PLEASE NOTE – THIS IS AN ARCHIVED ARTICLE AND MAY NOT REPRESENT CURRENT INFORMATION.
When I write these news articles, updates, etc. I am usually just trying to either give straight news or explain policies. Sometimes I attempt to explain the boards thoughts on a subject or outline our decisions. In this article I am going to break away from that and try to explain some of the things the board will be faced with as we start to look at an issue which has caused a bit of a stir here in Almond Glen. I want to generate a little bit of conversation so that we (the board of directors) can really examine all of our options and consider the wants, needs, opinions of our membership as we proceed.
The issue I am speaking of is of course, the lifeguards. As a part of our contract with Aquatech, the pool management company we use, we employ two lifeguards whenever the pool is open. Many have asked why we must have the lifeguards. I am going to quickly outline some of the reasons we have lifeguards and why we may or may not drop the lifeguard contract in the future.
1. Lifeguards may save a life. Not everyone who uses the pool is prepared to deal with an emergency. Not all parents watch their children and are responsible. Not everyone knows CPR, rescue swimming, signs of water distress, and emergency scene management. Lifeguards… Even the 16year olds we often have at the pool… Get this training and may be the difference between life and death. It’s hard to vote against the lifeguards knowing that you will have to accept at least a feeling of responsibility if someone drowns or dies from a heart attack and it might have been avoided.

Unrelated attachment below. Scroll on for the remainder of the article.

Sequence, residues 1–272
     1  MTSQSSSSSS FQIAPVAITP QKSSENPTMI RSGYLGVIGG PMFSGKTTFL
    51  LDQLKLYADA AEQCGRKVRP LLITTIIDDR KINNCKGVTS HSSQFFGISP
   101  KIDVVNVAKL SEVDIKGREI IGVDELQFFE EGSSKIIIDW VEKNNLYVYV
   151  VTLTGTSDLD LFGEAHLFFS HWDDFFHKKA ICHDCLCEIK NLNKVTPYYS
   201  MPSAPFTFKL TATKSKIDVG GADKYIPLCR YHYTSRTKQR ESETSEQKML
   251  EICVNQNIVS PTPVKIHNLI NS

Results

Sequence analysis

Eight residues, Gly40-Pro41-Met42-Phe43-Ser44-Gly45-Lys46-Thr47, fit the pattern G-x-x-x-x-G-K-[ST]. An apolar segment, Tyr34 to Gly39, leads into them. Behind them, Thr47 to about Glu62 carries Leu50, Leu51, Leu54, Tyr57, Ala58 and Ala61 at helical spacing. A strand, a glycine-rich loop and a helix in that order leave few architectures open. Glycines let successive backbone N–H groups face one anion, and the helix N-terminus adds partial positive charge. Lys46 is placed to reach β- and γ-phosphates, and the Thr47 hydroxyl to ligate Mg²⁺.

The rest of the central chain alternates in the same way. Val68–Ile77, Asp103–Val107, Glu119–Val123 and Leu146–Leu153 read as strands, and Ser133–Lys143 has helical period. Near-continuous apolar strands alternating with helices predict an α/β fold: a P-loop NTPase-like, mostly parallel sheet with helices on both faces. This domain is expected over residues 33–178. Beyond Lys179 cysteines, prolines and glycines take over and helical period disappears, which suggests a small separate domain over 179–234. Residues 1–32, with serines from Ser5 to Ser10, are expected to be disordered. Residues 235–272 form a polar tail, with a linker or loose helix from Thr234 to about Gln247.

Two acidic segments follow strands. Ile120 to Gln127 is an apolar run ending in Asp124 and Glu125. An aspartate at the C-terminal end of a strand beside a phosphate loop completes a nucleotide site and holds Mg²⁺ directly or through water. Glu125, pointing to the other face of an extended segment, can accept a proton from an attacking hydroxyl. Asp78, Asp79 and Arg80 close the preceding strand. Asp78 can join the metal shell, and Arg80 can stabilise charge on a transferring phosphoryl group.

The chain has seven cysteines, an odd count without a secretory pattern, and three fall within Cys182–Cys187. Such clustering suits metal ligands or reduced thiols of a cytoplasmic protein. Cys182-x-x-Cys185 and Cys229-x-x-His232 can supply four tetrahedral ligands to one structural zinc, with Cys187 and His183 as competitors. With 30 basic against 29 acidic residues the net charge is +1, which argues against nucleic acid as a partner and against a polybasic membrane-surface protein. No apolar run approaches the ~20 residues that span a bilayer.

2. Lifeguards enforce rules. Our pool needs rules. We have members, guests, and uninvited pool crashers who use our pool. The lifeguards are responsible for enforcing the rules. In the past there has been a hit and miss enforcement of rules at the pool. We will be working with Aquatech to ensure the lifeguards know the rules, know how we want the rules enforced, and have resources to enforce the rules. If we do not have rules and measures to enforce those rules we are opening ourselves up to serious liability.
3. Lifeguards open and close the pool, check chemicals, ensure we have the repairs and equipment needed, take out the trash, put the pool furniture up for the night and out in the morning, check the bathrooms, etc. All of these things must be done in order to make the pool enjoyable. These are just some of the additional duties the lifeguards cover.
The downside of the lifeguards…
1. Lifeguards are expensive. At this time we do not have exact quotes showing the difference between a contract with and without lifeguards… But typically the number one cost in the pool contract is chemicals. The second highest cost is lifeguards. Obviously we could save money if we didn’t have lifeguards.
2. If the lifeguards aren’t on duty, the pool is closed. We could leave the gates unlocked all of the time and just let anyone swim whenever they want if we didn’t have a lifeguard policy.